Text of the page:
Crucial Minutia
it's the little things...
Felice Belle
Stakes Is High: Sticks and Stones
3 Comments | posted April 15th, 2007 at 12:09 pm by Felice Belle

Snoop Dogg Speaks Out

As a black woman with a blog column, I somehow felt obligated to address the whole Don Imus situation, when all I really want to do this week is write about poetry.

Thankfully, Snoop Dogg stepped up and made an official statement, Oprah held a two-day Town Hall meeting and Don Imus was fired, so technically I’m off the hook.

Let’s talk about poems.

Isobel invited me to attend Poetry and the Creative Mind, The Academy of American Poets annual gala at Lincoln Center. Each year The Academy invites an assorted collection of actors, artists and public figures to read their favorite poems. This year’s featured readers included Lauren Bacall, William F. Baker, Glenn Close, David Halberstam, Ethan Hawke, Jules Feiffer, John Simon, Wendy Whelan, Dianne Wiest and Alfre Woodard.

All through the reading, I was reminded of the beauty, power and possibility inherent in words. I scribbled favorite lines in my program. I remembered why I first fell in love with poetry.

At the reception afterwards, we ate mini-hamburgers with John Simon and his delightful wife (who coincidentally was my friend Dot’s musical theater teacher at Marymount College). Later in the evening, David Halberstam and Jules Feiffer grabbed the empty seats at our table. My friends and I sat fascinated as they reminisced about Kukla, Ollie and Fran (a rarely credited precursor to my generation’s Muppets). By the time Jules Feiffer went into his rendition of the show’s theme song, we were rolling with laughter. It was one of those fantastic New York nights.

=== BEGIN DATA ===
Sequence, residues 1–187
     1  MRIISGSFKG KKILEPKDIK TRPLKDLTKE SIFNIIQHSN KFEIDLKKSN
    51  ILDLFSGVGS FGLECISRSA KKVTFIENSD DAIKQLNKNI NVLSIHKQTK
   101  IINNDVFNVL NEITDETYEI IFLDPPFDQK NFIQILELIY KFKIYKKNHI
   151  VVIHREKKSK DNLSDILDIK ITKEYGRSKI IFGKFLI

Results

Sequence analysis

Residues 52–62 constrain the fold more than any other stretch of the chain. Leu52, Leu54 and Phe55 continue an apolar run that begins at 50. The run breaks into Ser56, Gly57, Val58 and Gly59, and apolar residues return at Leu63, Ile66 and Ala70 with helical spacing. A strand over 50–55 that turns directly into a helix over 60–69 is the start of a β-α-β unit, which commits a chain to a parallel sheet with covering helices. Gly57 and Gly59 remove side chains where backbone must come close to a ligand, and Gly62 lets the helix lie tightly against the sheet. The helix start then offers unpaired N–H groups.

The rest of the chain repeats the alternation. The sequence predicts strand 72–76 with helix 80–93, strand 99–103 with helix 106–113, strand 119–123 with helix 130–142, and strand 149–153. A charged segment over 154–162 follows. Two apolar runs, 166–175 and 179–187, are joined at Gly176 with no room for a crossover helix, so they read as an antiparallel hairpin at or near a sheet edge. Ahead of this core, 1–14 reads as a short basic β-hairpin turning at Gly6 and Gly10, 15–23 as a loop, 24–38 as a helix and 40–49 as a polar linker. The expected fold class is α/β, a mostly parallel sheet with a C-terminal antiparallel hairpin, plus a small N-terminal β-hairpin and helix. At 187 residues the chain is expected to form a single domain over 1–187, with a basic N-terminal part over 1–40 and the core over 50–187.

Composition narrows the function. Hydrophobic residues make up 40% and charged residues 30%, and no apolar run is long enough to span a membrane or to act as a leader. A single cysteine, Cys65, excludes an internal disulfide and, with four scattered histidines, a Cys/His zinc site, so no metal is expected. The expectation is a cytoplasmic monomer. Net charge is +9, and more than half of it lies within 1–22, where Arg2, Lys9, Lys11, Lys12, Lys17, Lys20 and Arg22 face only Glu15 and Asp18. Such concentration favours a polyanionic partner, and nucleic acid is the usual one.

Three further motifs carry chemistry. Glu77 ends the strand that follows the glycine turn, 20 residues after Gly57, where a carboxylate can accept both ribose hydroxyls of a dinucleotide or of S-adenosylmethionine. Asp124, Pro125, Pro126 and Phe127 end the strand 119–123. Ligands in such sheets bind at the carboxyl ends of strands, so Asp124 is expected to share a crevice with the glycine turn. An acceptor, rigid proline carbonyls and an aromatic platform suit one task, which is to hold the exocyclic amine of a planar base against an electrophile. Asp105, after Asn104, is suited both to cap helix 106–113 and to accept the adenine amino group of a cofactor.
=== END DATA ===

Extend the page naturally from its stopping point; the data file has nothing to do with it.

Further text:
Eventually, a New York Times reporter snatched David Halberstam away, but Jules Feiffer stuck around and we had a most engaging conversation about racism, the public education system in New York and yes, Don Imus.

Snoop Dogg believes that his rampant use of the word “ho” is different than Imus’. He explains that rappers are “talking about hoes that’s in the ‘hood that ain’t doing sh–, that’s trying to get a n—a for his money.” No really, that is his argument. (note: I will reserve my ire about “the n-word” for a subsequent post)

The thing about words is that they are inextricably bound to their meaning. I use the word table, you visualize a flat surface with four legs. Seems simple enough.

According to Snoop, “these songs [are] coming from our minds and our souls [they] are relevant to what we feel.”

Perhaps, Don Imus was just speaking from his soul when he called the Rutgers Women’s Basketball Team a bunch of “nappy headed hoes.”

Or maybe words are more powerful than either Snoop or Imus would care to admit.

This entry was posted on Sunday, April 15th, 2007 at 12:09 pm and is filed under General. You can follow any responses to this entry through the RSS 2.0 feed. You can leave a response, or trackback from your own site.

There are currently 3 responses

  1. Nicole

    See, Snoop is talking about the proverbial ‘ho’. You know it’s thrown out there for those who might actually be; well, a ‘ho’.

    April 17th, 2007 | 10:41 pm
  2. I’ve been composing my reply to your post for the past week and keep forgetting to write it here when I get to the computer.

    Then I saw the headline this evening that David Halberstam was killed in a car accident yesterday, and I made it back here eventually.

    My short response was that I’m glad you wrote about poetry. There are always other people to talk about race and news and all that. But there are so few people who will talk about poetry, especially as beautifully as you do — so please do follow your gut when you feel the urge to post something as lovely as this. I love New York nights like the one you describe here.

    April 23rd, 2007 | 8:52 pm
  3. Robb Leigh Davis

    Didn’t you know that an “around the way ho” and a Rutgers ho are on different ends of the ho scale?

    Ho-ness runs a full spectrum from the ho who didn’t hold the door for you when you were trying to catch the train to the ho hangin’ round with your cousin Ree-Ree and ‘dem over to the bodega.

    And lest we forget the three ho’s celebrated every Christmas when Santa comes.

    April 23rd, 2007 | 10:12 pm

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